- Using OxyContin in ways that pose a danger to yourself or others
- Neglecting responsibilities
- Personal or professional conflicts
- Withdrawal symptoms are experienced if use is stopped
- Developing an increasing tolerance
- Inability to quit use
- Use has caused physical or mental health issues
- Disinterest in things once enjoyed
- Intense cravings for the drug
It is possible to become addicted to OxyContin just as it is to other opioids, and the potential consequences of such an addiction could be fatal. OxyContin is accessible in two forms – a tablet or a capsule – and can be abused by orally ingesting, snorting or injecting, though newer formulations of the drug have made these methods of use more difficult. Symptoms that are specific to OxyContin Addiction May Include:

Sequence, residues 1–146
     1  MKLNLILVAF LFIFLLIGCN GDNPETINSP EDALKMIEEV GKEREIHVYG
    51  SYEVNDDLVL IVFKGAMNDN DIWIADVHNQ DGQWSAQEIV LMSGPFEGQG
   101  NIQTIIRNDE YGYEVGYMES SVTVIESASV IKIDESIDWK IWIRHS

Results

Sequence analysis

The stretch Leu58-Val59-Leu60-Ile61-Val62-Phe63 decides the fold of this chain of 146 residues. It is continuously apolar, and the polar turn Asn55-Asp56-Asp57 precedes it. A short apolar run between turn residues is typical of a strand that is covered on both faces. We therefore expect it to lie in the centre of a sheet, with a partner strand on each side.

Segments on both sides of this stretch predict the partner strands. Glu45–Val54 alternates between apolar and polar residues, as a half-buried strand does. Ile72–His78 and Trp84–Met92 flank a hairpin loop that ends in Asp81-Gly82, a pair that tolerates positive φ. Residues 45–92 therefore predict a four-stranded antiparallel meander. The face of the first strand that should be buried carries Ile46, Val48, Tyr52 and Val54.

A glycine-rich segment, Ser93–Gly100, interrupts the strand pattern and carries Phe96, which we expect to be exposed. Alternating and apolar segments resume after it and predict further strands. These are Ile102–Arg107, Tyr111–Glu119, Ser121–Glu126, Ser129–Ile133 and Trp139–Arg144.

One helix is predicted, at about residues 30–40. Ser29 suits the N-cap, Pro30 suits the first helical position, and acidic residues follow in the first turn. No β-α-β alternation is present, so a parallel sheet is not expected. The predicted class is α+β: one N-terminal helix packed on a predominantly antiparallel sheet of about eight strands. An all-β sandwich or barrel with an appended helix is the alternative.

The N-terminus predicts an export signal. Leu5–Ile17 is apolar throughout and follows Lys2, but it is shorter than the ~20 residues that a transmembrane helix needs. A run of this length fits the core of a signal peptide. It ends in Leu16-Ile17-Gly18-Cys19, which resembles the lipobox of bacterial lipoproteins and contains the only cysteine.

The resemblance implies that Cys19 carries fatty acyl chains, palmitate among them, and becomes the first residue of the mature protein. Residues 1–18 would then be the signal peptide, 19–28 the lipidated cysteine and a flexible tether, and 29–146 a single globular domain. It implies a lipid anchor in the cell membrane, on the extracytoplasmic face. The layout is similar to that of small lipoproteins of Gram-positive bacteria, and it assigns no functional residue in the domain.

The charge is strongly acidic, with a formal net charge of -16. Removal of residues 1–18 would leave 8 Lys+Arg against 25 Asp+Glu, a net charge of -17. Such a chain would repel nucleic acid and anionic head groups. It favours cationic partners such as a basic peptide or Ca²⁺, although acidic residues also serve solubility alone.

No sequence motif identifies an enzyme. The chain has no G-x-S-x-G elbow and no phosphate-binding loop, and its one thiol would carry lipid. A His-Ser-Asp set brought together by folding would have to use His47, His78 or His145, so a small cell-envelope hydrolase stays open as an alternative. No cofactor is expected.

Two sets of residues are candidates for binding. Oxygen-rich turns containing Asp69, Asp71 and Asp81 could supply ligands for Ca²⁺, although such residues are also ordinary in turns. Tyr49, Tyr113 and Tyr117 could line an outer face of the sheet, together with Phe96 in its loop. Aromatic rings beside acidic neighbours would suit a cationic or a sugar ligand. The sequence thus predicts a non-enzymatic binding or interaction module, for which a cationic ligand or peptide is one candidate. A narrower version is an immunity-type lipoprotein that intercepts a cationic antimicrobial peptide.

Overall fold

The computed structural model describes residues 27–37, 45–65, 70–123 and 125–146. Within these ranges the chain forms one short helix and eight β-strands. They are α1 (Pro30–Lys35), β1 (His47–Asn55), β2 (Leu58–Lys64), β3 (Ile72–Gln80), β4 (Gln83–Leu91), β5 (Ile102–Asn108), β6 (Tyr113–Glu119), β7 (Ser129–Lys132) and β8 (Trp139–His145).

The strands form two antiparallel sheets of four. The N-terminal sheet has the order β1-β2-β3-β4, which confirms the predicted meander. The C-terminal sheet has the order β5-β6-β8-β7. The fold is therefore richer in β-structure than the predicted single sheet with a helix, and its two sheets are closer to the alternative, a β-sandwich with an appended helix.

- Doctor shopping
- Stealing others prescriptions
- Borrowing or stealing money
- Decline in performance at work or school
- Impaired motor skills
- Nodding off
- Lapses in memory
Dangers of OxyContin Addiction
If you use OxyContin frequently and continuously, your health may suffer as a consequence. The body has a difficult time getting rid of it due to its toxicity and liver and kidney function may deteriorate as a result, leading to failure and/or liver and kidney disease. Because it is a sedative, OxyContin may also have an adverse impact on the respiratory system, resulting in respiratory issues and other health problems. Other chronic health problems, including heart disease and cardiovascular issues, may also be linked to OxyContin addiction.